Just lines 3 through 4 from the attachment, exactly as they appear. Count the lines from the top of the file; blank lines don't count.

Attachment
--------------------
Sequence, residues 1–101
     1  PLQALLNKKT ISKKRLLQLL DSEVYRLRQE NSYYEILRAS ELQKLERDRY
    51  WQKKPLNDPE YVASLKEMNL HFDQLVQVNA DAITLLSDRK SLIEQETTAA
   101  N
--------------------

    51  WQKKPLNDPE YVASLKEMNL HFDQLVQVNA DAITLLSDRK SLIEQETTAA
   101  N